Mickey bars, anyone? Now available at your local grocery store! In 2014, researchers found a direct link between the region of the brain responsible for taste memory and the area responsible for encoding the time and place we experienced the taste. Additionally, that taste is associated with memories of being in a location where something positive or negative happened. So, eat that Mickey bar and be transported back to Main Street while listening to the eloquent virtual sounds of the Dapper Dans or make that Dole whip (with rum for the adults) and enjoy the best virtual view of the Magic Happens Parade from Disneyland Resort in California.
The Music and Sounds of Disney
Hear that? It's Disney music, and it is powerful at eliciting positive emotions. Because emotions enhance memory processes and music evokes strong emotions, music could be involved in forming positive memories. To take this notion further, music has been identified as important in the construction of autobiographical memories. I bet you can sing music from the Little Mermaid ride or Pirates of the Caribbean without even trying.
A Virtual Trip To Disney
The YouTube channel "Virtual Disney World" has released a new playlist of 360-degree point-of-view (P.O.V.) videos of many of Walt Disney World's most famous rides. This is worth doing more than once and is a good time for all.
Additionally, I am hooked on virtual Disney treadmill workouts. Living in Florida in the winter is a dream. Living in Florida in the summer is a hot, sweaty mess, with temperatures and humidity levels at their max. When it's that hot, and I am stuck with the treadmills in our community center, I flip the script and get my serotonin boost with a run through the Magic Kingdom, or down the Boardwalk resort, or maybe I will take a stroll through Disneyland Resort.
Plan Your Escapism Disney Vacation
Create an itinerary for the Disney vacation of a lifetime. Think about how happy you are when you are planning a vacation. Do you spend hours making lists and charts of places, rides, foods and things to experience and see? Research has shown that anticipating something can be a powerful, positive emotion that can help us live happier lives.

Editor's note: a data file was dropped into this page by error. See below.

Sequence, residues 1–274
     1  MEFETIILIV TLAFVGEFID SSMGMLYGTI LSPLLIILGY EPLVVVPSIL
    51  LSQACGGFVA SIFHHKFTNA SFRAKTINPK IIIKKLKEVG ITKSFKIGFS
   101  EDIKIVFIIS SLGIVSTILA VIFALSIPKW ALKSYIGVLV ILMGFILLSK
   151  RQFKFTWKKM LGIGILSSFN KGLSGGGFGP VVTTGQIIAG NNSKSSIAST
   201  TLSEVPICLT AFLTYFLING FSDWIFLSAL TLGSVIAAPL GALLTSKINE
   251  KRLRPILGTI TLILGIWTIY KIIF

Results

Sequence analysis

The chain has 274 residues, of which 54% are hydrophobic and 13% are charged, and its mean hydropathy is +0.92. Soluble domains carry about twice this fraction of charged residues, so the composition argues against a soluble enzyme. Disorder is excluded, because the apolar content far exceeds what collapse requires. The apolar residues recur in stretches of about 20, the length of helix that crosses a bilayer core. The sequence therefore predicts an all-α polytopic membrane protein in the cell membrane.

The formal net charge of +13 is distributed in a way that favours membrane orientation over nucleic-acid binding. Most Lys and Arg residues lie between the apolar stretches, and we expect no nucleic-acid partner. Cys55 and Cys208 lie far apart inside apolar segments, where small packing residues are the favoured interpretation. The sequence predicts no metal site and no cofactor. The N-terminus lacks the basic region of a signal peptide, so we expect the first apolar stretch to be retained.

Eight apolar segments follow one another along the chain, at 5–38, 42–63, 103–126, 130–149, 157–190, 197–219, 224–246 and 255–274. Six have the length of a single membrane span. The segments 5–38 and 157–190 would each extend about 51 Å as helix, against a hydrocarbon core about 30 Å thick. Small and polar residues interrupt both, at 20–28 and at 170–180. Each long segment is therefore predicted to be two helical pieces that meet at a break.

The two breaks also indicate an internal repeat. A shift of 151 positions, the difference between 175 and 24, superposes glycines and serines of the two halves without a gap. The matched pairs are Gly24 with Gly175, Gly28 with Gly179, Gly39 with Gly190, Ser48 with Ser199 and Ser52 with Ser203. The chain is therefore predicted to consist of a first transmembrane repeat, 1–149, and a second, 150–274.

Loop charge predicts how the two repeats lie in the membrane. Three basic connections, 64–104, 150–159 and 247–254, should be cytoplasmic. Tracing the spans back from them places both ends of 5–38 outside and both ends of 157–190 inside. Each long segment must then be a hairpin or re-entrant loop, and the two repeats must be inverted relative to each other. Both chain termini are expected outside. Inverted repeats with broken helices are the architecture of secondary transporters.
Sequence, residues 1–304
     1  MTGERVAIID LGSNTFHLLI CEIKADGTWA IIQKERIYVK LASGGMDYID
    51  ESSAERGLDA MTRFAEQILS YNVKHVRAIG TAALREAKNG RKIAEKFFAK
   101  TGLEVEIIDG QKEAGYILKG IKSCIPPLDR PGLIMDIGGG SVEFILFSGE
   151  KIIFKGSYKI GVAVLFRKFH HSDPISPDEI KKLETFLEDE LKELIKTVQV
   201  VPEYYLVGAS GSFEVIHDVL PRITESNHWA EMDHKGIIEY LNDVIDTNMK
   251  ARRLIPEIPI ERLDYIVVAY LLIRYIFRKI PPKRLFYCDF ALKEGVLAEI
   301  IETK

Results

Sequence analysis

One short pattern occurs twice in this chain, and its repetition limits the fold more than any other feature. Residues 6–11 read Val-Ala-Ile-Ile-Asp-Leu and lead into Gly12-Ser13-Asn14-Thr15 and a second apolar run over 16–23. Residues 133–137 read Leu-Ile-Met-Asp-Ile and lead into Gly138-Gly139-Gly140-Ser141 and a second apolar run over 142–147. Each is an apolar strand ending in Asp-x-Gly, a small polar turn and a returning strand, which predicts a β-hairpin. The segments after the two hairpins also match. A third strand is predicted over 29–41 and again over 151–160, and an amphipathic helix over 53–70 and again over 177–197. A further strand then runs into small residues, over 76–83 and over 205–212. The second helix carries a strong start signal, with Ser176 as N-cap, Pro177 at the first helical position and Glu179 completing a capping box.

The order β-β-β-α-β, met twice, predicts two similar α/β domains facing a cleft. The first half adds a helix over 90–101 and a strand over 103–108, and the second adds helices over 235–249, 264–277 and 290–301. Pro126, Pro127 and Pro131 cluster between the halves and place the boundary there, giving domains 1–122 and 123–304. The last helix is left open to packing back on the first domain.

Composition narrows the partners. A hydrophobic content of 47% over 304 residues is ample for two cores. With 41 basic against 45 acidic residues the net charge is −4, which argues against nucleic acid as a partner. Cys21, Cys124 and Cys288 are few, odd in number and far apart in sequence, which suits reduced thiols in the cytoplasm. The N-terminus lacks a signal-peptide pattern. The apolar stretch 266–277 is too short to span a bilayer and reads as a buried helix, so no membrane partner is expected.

We often experience more intense emotions about future events than those in the past. Think about it; we are more likely to talk about how excited we are about something we have planned compared to something we have already done.
So plan a stay at a favorite Disney resort, find the rides your family most want to ride, look up all the fantastic places to eat and experience. Even if it's just for a make-believe trip, you will still find something positive in the exercise. The coronavirus pandemic is producing some dark times, but we have the power to focus our minds on positive things. Take something you are passionate about and escape into it – and feel the happiness from within.
About the Author
Dr. Tara Revell-Love is an Associate Professor at American Military University. Dr. Revell-Lowe earned her Ph.D. in Educational Psychology from Arizona State with a research emphasis in Behavioral Genetics and completed her post-doctoral training at the Institute for Behavioral Genetics, University of Colorado, Belfast University, in Northern Ireland and King’s College, Aberdeen University in Scotland. Dr. Revell-Love’s research interests include examining heritability coefficients of specific human behaviors, focusing mainly on anxiety disorders in twins. She lives in Orlando, Florida.